Miami Marine Stadium resurrection? After 32 years, support grows to reopen historic venue

 R.J. Heisenbottle Architects and City of Miami

An architectural rendering shows a bird’s-eye view of a restored Miami Marine Stadium with a proposed new floating stage in front. To the right is a proposed maritime building.

It’s been more than three years since the Miami City Commission approved a comprehensive plan to restore the historic yet long-closed Miami Marine Stadium. Eight years since the commission authorized $45 million in bonds, never issued, to fund its renovation.

Ten years since Jimmy Buffett headlined a fundraiser with Gloria and Emilio Estefan, fellow veterans of the stadium’s floating barge-turned-stage, to support a campaign to save the place. Buffett, who in 1985 gave one of the stadium’s definitive performances before jumping into the water, died last year without a chance for an encore.

And it’s been 14 years since then-newly elected Miami Mayor Tomas Regalado vowed to see the cherished city-owned stadium, widely regarded as a marvel of architecture and engineering, reopened before his time in office ended.

Yet today the assertively angular, raw-concrete stadium grandstand still visibly languishes on the edge of Virginia Key and the Rickenbacker Causeway, one foot on land and the other in the water — a uniquely situated design that likely could not be replicated today. Closed since 1992, fenced off and slathered in graffiti, the Commodore Ralph Middleton Munroe Miami Marine Stadium has been a victim, critics contend, of apathy and dysfunction by the city’s managers and commissioners.


But now a political shift on the five-member commission, and a new report that concludes a restored stadium would be a profitable and in-demand venue for concerts and performers, is breathing new life into the stalled effort to revive the 1963 landmark — which has now been dormant longer than it was operating.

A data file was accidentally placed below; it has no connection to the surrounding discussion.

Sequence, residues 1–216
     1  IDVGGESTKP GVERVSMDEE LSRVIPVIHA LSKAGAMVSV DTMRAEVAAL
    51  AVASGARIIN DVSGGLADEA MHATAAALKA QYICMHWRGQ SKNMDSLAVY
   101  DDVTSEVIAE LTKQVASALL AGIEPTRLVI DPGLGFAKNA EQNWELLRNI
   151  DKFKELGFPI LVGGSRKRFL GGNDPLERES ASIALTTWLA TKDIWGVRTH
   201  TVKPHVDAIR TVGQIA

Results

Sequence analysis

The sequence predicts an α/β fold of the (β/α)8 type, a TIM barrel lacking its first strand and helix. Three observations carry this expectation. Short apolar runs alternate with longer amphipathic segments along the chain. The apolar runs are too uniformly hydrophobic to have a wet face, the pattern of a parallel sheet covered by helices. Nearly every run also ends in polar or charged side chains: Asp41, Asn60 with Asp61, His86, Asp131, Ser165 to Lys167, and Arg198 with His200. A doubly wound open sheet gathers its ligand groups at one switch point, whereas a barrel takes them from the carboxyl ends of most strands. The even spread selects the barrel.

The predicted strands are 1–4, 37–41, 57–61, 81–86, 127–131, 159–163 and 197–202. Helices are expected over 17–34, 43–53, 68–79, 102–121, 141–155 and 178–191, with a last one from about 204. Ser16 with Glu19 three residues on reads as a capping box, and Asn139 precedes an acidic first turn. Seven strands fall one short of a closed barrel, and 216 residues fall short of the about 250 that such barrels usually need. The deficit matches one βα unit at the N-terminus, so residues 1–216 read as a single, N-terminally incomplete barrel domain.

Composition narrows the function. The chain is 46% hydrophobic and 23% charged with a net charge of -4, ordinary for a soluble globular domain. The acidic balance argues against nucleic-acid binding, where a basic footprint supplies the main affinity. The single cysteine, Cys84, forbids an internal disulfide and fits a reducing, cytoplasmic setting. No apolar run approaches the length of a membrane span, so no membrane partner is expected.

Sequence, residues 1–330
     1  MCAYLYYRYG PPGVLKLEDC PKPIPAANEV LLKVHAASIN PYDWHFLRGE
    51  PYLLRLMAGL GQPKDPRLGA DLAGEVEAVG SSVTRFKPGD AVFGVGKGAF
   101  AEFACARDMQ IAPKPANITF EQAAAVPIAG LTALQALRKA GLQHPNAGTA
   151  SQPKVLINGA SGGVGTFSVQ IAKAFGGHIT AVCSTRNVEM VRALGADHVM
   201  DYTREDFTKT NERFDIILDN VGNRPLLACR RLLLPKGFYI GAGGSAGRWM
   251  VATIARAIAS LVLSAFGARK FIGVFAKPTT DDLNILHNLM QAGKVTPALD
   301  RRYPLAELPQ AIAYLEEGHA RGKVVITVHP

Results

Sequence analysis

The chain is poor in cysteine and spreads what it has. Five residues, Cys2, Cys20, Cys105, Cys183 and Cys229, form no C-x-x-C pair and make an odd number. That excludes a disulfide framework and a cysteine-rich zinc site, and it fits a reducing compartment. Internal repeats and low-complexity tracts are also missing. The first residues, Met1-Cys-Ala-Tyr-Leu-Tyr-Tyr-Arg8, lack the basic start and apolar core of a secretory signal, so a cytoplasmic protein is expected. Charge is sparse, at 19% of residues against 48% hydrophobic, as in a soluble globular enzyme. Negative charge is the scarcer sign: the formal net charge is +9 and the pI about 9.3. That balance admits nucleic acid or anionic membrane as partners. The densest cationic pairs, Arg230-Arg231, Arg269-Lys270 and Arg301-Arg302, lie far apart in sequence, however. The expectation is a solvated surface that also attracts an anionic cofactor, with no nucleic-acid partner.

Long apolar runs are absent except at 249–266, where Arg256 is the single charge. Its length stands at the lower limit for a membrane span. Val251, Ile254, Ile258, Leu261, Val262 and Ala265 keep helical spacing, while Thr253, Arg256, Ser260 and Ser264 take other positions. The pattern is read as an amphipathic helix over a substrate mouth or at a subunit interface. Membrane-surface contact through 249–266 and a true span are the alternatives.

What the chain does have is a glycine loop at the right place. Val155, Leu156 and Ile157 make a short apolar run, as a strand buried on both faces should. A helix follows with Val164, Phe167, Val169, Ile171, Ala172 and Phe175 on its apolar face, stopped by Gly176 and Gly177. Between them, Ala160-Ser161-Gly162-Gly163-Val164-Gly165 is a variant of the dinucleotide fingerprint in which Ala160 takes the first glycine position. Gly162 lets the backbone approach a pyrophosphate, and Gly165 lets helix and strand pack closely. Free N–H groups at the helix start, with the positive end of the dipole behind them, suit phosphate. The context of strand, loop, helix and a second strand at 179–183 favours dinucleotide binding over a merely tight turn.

So can it finally happen? Reformist commission newcomer Damian Pardo and Miami Mayor Francis Suarez believe so.

Armed with the report, Pardo, whose district includes Virginia Key, says he will push for the city to hire an operator, reapprove the expired bond authorization and prepare a 2025 referendum to win voters’ approval for the project. It’s long past time, Pardo said, to finally get moving on the renewal of what nearly everyone agrees is a quintessential slice of Miami.

“One-hundred million kazillion percent, I want to champion this project,” Pardo said in an interview. “If there is a project that has Miami written all over it, it’s this one. It’s iconic on a worldwide basis. And derelict. And that is exactly what needs to change in our city.”

The plan also has the full backing of Suarez, who has long supported the restoration and says he will now make it a priority as a legacy-defining project before his second and final term ends in 2025.

“We’ve done all the studying we need to do, and we’re bullish on it,” Suarez said in an interview. “It’s an iconic venue that can create an even more iconic view of our city around the world. And that’s what you want as the city continues to mature.”


Suarez’s active involvement could be critical, Pardo and other supporters say. The mayor said he will lobby members of the commission individually. He also got the city administration to move forward with the consultant’s report after the contract for the study had been sitting without action for a prolonged period.

“He is fully invested now, I believe,” said Stuart Blumberg, the retired founding president of the Greater Miami & The Beaches Hotel Association, who had a hand in the creation of the Arsht Center for the Performing Arts and other major projects.

Still influential at 87, Blumberg has now spent two years persuading Suarez and the city to tackle the marine stadium.